SCREENING SOLD OUT
Anyone who has ever witnessed the choreographic work of Ohad Naharin is unlikely to forget the experience. The Israeli choreographer has been the mastermind behind the dance company Batsheva since 1990. Ohad Naharin came late to dance, at age 22, but he made up for lost time, working with legendary choreographers Martha Graham and Maurice Béjart. A superb physical specimen, Naharin is quick to admit he has used his own physical beauty throughout his career, but the dancer/ choreographer also possesses an almost uncanny ability to make the human body seem new.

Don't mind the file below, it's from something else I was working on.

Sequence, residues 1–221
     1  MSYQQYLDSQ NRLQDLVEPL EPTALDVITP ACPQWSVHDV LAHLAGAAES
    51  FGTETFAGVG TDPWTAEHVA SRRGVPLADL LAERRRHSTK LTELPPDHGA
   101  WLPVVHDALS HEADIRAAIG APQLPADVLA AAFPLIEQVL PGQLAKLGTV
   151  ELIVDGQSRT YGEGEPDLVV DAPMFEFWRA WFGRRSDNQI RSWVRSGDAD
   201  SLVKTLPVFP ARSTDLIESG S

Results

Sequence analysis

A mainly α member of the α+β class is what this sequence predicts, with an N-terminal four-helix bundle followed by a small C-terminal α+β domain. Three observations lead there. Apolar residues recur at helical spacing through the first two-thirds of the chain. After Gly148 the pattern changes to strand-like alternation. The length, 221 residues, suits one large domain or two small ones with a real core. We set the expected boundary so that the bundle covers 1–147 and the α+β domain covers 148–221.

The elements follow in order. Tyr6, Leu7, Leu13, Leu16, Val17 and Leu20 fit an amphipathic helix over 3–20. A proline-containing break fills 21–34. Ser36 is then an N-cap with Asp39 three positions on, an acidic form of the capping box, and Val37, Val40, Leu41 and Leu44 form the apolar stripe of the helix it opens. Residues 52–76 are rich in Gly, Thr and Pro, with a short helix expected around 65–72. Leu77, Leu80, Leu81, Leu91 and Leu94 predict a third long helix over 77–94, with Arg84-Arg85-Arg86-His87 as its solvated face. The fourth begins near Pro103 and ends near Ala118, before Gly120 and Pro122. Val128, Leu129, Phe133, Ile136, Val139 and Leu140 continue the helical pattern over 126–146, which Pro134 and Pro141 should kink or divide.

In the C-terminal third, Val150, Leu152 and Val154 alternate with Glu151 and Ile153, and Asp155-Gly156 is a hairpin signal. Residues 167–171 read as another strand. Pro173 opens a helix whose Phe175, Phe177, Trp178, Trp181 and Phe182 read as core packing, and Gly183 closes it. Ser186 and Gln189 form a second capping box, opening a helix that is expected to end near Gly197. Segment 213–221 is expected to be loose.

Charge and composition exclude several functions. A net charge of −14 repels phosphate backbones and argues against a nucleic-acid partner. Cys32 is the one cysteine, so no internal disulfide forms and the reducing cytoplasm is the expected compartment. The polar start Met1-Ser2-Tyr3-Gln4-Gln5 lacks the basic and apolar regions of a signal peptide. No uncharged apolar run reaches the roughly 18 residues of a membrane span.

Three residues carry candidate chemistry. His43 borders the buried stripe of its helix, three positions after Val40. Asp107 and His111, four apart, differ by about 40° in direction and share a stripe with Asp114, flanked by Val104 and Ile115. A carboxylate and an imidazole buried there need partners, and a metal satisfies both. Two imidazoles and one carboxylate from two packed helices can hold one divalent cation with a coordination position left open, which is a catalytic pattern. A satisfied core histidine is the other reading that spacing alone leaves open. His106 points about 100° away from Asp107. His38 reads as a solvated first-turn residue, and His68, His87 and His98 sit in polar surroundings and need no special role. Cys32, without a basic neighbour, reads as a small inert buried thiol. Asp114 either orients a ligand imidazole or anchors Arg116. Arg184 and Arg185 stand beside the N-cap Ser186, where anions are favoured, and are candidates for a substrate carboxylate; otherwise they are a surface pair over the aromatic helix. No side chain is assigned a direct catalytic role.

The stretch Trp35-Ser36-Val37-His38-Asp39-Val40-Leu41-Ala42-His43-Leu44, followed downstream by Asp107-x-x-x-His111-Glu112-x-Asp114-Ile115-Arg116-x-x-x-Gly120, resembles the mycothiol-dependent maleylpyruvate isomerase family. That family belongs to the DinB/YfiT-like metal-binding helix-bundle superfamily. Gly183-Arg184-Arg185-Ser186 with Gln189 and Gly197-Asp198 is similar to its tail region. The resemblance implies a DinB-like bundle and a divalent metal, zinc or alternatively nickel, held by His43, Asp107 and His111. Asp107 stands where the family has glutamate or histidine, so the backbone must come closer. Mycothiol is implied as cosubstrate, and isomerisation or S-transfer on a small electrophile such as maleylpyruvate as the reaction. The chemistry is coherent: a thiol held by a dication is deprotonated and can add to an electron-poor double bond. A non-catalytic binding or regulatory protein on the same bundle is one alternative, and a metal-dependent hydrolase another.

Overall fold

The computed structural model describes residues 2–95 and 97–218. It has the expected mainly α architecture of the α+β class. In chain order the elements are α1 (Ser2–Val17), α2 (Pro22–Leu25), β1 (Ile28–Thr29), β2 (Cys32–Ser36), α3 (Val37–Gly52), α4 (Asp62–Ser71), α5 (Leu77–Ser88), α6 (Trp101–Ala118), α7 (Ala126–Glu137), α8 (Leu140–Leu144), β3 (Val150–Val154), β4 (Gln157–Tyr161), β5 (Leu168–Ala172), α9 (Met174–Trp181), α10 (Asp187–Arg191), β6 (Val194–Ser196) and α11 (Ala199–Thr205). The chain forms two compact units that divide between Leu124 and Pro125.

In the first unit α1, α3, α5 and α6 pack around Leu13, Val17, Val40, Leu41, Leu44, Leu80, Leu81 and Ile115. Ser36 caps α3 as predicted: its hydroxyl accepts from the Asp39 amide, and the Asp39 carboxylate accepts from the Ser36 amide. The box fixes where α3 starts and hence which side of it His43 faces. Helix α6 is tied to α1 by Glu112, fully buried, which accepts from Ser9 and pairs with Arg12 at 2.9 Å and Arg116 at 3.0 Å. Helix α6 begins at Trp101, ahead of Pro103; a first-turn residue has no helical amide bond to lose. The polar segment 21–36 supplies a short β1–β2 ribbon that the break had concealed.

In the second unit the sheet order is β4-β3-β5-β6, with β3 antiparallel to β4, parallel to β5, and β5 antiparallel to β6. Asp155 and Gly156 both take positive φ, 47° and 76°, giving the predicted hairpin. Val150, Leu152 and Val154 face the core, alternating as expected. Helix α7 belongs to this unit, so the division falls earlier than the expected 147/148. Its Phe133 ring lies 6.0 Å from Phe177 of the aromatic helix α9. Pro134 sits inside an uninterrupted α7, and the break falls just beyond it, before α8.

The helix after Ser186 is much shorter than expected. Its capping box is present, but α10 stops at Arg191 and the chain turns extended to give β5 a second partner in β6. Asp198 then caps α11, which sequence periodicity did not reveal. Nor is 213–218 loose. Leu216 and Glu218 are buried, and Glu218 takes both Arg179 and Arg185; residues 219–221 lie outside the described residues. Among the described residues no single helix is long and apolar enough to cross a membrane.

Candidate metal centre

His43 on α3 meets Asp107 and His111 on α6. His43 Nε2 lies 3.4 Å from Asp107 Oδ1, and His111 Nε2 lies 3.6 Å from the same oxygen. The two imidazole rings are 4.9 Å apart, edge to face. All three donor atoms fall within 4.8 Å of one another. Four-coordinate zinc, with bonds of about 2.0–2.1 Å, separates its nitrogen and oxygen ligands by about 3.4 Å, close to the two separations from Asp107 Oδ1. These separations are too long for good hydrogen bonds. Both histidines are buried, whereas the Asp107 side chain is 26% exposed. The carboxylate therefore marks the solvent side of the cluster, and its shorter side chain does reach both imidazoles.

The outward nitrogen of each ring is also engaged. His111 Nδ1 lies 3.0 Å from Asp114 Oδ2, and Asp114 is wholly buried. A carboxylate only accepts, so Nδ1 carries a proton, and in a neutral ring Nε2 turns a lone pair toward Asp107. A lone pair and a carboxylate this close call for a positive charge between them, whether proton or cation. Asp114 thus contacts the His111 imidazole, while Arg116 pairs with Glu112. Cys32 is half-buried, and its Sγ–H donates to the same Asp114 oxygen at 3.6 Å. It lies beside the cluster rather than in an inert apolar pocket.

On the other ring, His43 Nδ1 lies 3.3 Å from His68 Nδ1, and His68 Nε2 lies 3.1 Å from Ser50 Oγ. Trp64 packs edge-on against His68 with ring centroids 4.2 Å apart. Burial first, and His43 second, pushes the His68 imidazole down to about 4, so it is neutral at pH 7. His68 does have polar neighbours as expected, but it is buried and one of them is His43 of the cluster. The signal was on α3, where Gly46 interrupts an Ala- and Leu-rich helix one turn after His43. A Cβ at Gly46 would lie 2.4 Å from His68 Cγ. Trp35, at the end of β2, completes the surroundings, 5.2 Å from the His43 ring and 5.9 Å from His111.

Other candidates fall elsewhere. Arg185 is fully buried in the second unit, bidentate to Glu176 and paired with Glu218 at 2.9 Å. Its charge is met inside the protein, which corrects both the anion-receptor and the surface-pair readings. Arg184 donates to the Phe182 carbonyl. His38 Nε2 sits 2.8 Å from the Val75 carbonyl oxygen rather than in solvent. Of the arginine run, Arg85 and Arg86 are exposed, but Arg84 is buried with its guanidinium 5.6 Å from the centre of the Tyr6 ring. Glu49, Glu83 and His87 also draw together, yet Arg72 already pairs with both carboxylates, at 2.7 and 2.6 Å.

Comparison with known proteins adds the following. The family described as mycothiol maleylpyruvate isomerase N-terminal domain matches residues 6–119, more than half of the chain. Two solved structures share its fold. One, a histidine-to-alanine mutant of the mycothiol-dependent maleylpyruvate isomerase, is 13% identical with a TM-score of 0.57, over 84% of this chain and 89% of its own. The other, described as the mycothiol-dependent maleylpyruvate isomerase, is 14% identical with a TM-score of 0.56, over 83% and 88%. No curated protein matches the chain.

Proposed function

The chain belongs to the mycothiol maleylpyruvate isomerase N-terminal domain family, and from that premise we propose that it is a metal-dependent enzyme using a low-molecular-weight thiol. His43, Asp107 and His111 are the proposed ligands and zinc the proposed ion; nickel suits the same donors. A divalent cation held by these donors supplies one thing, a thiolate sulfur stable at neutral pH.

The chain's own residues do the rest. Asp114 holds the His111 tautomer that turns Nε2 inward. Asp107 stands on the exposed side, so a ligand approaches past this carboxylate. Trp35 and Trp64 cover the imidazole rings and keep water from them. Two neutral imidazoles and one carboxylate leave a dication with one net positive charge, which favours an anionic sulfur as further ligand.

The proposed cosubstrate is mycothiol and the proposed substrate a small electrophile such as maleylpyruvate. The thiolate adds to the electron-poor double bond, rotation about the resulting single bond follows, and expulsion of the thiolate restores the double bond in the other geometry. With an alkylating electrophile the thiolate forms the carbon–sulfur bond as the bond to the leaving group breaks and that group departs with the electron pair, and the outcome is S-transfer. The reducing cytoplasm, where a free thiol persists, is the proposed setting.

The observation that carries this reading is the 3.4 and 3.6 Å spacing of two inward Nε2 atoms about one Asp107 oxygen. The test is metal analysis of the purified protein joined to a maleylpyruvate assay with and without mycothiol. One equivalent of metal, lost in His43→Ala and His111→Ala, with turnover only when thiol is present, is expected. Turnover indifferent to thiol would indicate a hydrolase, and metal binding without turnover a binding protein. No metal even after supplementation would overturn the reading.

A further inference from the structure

Director Tomer Heymann makes terrific use of archival footage of Ohad’s early days as a performer, as well as thrilling excerpts from his later works with Batsheva. But it is Ohad’s belief that dance should be accessible to everyone that leads to one of the film’s most cathartic moments, as the choreographer leads a room of ordinary people of all ages, shapes, and sizes through one of his Gaga-movement workshops. Like many great artists, Ohad is not always an easy character, as his relationships with the women in his life attest. He has been equally outspoken about Israel’s treatment of Palestinian people, calling the Israeli administration “a bunch of bullies,” in an interview with the New York Times. When the Orthodox Jewish community objected to one of his most famous works, that featured dancers stripping down to their underwear to the strains of the Passover anthem, Echad Mi Yodea, Ohad refused to censor the work even when Netanyahu demanded he do so. Despite the political difficulties the company has faced in recent years, the dance is everything, and there is too much pleasure in watching the performances to bog this quicksilver thing down. -DW